CRFN: You also have a growing license how has that helped you work with product?

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JM: It’s really broadened what I thought good cannabis could be. When you go from seed to finished product, you have a greater understanding of what it took to get it to the plate. It’s very similar to doing farm-to-table, or ocean-to-table, or anything like that.

If you have a small grow or a couple plants, you can really broaden what you can do with the cannabis plant, rather than just being focused on the sensimilla-style growing of the plant [a style of growing that maximizes cannabis plants’ THC content]. You can end up with some seeds, grind them, and put them into your bread. The stalks can be dried and cured; I’ve put those into vinegars before. You wouldn’t get any THC basically from those — there’s not much to the stalk — but you end up with a soft, roasted, hay-like vinegar when you’re done. So there are many different options than just looking at the flower bud itself.

CRFN: So when you’re growing cannabis you’re growing the female plant, but you can end up with male plants, and you can use the seeds and stalks for culinary purposes.

JM: Yeah, that’s if you end up with a male. People typically don’t want that. They want to grow in the style of sensimilla, which is grown without the male’s presence. That’s why the buds get so heavy and sticky, because the trichomes — they’re trying to catch any open pollen that’s out there. They do that, and that when they’re going to turn into a seed, or if the plant is stressed, it can also turn it into a hermaphrodite. Ian Malcolm from Jurassic Park says, “Life will find a way,” and it often does.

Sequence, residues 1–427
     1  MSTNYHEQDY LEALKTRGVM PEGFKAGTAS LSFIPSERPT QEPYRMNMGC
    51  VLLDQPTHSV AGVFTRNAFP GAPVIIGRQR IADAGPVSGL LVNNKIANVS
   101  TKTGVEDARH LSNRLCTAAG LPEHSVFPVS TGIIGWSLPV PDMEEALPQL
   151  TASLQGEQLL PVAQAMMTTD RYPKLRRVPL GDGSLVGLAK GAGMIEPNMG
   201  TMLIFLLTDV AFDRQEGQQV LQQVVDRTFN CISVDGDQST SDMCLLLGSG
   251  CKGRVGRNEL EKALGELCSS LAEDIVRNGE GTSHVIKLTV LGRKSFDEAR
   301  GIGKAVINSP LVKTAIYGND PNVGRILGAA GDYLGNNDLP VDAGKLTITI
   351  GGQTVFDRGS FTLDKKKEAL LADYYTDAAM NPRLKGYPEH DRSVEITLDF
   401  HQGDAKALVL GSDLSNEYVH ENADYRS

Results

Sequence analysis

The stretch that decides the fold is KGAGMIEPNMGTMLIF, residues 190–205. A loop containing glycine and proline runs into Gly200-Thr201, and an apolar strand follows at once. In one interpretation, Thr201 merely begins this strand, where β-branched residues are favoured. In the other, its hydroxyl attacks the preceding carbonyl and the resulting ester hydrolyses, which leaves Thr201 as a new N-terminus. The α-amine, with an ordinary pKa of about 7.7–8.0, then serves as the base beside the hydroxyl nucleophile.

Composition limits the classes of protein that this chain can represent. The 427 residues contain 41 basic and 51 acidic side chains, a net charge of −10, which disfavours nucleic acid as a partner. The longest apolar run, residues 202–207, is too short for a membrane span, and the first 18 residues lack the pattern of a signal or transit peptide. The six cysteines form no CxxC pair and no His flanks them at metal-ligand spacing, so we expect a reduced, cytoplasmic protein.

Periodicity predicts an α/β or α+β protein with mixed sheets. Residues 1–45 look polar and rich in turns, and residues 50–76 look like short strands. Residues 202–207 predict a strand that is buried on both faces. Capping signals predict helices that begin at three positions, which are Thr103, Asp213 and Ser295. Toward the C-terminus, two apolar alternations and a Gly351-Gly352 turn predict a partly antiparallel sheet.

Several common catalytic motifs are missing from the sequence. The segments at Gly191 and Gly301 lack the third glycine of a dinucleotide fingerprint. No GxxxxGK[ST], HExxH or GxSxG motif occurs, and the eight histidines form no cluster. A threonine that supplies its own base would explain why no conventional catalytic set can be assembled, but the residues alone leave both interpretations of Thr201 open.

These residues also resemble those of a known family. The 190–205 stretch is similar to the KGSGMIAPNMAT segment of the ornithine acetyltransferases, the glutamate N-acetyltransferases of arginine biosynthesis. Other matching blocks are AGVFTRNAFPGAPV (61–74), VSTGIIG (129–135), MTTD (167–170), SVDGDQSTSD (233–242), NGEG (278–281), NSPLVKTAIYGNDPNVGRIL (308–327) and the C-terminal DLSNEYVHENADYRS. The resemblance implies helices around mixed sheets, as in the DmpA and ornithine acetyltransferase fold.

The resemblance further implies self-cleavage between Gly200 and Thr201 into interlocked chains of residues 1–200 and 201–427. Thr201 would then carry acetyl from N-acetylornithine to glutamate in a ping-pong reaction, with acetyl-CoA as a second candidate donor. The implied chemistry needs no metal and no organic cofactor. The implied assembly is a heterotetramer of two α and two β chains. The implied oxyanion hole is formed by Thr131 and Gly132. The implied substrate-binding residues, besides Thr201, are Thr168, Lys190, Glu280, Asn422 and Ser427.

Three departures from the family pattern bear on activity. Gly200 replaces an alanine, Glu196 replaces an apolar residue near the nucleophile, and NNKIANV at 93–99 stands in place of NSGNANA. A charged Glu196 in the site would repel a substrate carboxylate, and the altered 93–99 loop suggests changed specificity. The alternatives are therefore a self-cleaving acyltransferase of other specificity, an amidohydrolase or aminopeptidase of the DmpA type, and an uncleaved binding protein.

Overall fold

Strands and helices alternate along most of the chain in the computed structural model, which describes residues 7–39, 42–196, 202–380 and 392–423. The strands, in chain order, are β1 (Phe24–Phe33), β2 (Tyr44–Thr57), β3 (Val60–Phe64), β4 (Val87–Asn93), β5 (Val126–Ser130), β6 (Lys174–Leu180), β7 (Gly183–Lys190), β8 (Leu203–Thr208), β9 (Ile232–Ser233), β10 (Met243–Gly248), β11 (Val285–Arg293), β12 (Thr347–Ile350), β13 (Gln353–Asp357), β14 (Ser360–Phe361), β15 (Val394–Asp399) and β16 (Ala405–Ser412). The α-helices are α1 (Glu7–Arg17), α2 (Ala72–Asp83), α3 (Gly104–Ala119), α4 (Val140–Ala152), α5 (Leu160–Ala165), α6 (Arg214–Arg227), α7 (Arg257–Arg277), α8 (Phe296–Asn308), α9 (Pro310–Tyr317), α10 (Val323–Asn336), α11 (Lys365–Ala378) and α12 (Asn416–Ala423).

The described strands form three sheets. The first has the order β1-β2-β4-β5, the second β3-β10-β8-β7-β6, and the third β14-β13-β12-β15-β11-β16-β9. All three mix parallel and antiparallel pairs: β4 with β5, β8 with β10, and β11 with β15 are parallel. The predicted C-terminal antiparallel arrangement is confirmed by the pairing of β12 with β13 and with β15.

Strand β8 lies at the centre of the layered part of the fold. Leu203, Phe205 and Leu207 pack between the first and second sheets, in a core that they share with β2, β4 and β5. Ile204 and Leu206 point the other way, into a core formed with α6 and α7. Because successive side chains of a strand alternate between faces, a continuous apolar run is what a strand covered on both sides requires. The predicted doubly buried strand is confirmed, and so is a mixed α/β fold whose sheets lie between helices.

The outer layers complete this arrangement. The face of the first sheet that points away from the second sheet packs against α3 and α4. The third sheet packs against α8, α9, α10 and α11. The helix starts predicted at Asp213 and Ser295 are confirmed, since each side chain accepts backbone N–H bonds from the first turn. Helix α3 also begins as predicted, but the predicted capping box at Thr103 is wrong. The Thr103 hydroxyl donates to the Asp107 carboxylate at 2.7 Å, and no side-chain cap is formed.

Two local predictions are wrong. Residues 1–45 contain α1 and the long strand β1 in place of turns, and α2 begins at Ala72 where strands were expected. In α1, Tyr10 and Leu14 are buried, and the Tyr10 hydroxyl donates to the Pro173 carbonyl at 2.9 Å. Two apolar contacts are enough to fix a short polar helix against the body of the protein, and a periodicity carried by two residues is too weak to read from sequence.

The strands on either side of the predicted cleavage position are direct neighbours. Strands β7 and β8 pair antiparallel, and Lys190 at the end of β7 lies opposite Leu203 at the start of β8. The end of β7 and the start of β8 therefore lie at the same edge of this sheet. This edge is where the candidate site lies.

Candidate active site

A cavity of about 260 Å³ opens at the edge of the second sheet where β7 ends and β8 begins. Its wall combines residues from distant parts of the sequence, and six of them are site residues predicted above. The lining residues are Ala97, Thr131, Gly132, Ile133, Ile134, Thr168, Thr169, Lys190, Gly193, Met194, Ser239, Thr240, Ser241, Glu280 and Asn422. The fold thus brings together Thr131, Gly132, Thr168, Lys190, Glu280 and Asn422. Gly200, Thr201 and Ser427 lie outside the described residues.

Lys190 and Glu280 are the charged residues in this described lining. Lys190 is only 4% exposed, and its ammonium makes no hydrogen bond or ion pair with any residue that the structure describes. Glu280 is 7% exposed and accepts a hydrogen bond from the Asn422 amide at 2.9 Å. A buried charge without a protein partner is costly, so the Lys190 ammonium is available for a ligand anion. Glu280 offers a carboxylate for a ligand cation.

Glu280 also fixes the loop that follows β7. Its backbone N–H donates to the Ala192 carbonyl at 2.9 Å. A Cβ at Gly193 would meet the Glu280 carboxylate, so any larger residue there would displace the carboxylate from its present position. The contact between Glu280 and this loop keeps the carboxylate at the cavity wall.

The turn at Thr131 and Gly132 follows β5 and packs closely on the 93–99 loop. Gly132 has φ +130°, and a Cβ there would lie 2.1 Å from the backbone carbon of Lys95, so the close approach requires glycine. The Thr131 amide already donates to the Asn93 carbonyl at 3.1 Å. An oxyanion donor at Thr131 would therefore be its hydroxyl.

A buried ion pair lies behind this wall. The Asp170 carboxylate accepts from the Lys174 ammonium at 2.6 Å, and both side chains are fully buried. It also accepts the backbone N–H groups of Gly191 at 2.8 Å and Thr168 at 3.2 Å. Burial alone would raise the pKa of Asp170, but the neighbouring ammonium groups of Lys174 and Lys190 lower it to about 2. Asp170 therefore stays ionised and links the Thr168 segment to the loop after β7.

CRFN: There must be some trial-and-error, so what’re you currently trying?

JM: There are a couple products that we’re working on right now. Some are on the sweet side, some are on the savoury side. On the savoury side, we’re working on different dips, and different sauces, and we’re working on some other mixes, too, but I can’t get into great detail.

CRFN: Is there anything you were hoping would work, but wouldn’t?

JM: A couple baked products that didn’t really turn out that well — things that could’ve been but weren’t — but for the most part, it’s repetitive trial and error. Making the recipe one time, trying it a second time, and tweaking, and tweaking, and tweaking. The mixes we have now, we’ve tried those hundreds of times.

CRFN: You see cannabis baked good, cannabis candies, cannabis drinks — how can we expect restaurants to use cannabis in their day-to-day cooking when the time comes?

JM: I think it would almost be like going to a bar. It comes down to whether someone has ingested too much cannabis before coming to dinner, or if they’ve ingested alcohol, which affects how THC enters your body. I think private dinners, and places that people feel very safe when they’re experimenting — I think that could be really something. But, the sky’s the limit right now.

CRFN: So, what’s your favourite dish, and if cannabis isn’t involved already, how would you adapt it?

JM: I like chicken liver parfait mixed with cannabis oil, but it really depends on how you want to feel. If you want to feel happy, maybe a strain with carolotholene, so it has something like black pepper to it. Something like that would be great with chicken liver parfait, or on a beef carpaccio. They’re clean, clear flavours. Girl Scout Cookie is one of my favourite strains. It’s high on that black pepper note.

CRFN: Outside of reTreat , what’s next?

JM: Every day presents new opportunities and challenges. But I think cannabis-infused dinners are going to be something that’ll happen in the city and across Canada. If you have the framework in place, and the right certifications, as well as the right venue — that could really be something special. You could do some avant garde cooking and some really cool presentations, like using soy lecithin for the Delta-9 clouds, so it would be really airy — something like that.

CRFN: So applying a lot of molecular gastronomy principles to it.

JM: Yeah, presenting the ingredients in a different way. That’s what cooking is, right?